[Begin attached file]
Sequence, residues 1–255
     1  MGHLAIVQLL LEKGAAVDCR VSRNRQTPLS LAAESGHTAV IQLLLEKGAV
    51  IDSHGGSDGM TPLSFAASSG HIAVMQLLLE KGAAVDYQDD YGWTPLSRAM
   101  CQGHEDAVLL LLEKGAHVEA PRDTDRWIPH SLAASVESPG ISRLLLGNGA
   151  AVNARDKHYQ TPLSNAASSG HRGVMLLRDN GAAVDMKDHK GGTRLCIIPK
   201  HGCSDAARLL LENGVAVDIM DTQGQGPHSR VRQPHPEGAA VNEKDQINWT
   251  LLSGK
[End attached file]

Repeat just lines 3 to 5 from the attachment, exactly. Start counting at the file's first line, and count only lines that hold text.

    51  IDSHGGSDGM TPLSFAASSG HIAVMQLLLE KGAAVDYQDD YGWTPLSRAM
   101  CQGHEDAVLL LLEKGAHVEA PRDTDRWIPH SLAASVESPG ISRLLLGNGA
   151  AVNARDKHYQ TPLSNAASSG HRGVMLLRDN GAAVDMKDHK GGTRLCIIPK